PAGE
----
Short-day Onions and Intermediate-day Onions Explained.
Which Onion Variety to Grow? Have you ever planted onion seeds, without any success? The reason is more than likely that you planted an onion variety that is not suited for your area.
Onion bulb formation is triggered by the number of summer daylight hours. Onions are photothermoperiodic – that means they are sensitive to temperature and also to day light. Onions quit forming leafy tops and begin to enlarge their underground stems (bulbs) when the day light each day reaches a certain length. The amount of day light needed for an onion plant to begin forming a bulb varies by variety. Each variety has its own genetically determined bulb formation trigger.
Although onions are essentially a cool season crop, in South Africa they are planted virtually all year round. In the Northern regions of the country sowing is normally from February to April, in the central region from April to July and in the Southern regions transplanted from July to October.
Bulb-forming onions can be divided into three types:
- Long-day onions which require about 15 hours of summer daylight.
- Short-day onions which require about 12 hours of summer daylight.
- Intermediate-day onions which which require about 13 – 14 hours of summer daylight.
Which Onion Variety to grow in your garden?
- Long-day varieties are not grown in South Africa.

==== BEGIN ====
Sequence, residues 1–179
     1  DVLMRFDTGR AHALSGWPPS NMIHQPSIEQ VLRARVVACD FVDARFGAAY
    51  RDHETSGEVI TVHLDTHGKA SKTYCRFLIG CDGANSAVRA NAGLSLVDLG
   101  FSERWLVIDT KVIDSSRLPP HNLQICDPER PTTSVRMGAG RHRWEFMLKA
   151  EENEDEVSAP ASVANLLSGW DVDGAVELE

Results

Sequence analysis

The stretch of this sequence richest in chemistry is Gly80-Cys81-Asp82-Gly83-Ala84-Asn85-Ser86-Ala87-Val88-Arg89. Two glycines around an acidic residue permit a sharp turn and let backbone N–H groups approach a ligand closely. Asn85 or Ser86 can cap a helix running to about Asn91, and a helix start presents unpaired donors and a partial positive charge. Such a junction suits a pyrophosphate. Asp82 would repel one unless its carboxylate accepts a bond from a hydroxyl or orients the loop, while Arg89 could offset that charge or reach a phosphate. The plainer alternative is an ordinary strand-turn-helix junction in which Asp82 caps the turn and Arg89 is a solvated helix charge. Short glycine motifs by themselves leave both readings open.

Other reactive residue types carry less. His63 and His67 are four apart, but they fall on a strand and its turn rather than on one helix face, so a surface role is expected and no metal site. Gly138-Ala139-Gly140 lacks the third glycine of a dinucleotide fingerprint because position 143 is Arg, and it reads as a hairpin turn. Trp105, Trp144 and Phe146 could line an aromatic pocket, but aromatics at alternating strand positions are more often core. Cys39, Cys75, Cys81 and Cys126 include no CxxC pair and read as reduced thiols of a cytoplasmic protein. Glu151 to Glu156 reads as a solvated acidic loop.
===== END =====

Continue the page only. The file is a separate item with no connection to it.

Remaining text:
- Short-day varieties are normally planted in the northern parts of the country from Musina down to the latitude of approximately Bloemfontein. Short day cultivars that can be grown, include Texas Grano, Hanna, San, Shahar and Red Creole. The best sowing time is from February to the end of March.
- Intermediate types are grown south of Bloemfontein all the way down to the Western Cape and Eastern Cape. Intermediate cultivars, such as Australian Brown Skin and Hojem Onions, are best sown in these areas. The best sowing time is from April to the end of May. Red Creole (short day) and Hanna (hybrid) can also be grown in the areas suitable for intermediate cultivars.
Storage Life of Onion Varieties
- Short-daylight types generally have a far shorter storage life.
- Intermediate daylight types mature considerably later than in the northern areas of the country. They also tend to be more pungent and have a far longer shelf life.
Information is for educational and informational purposes only and may not be construed as medical advice. The information is not intended to replace medical advice or treatment offered by healthcare professionals.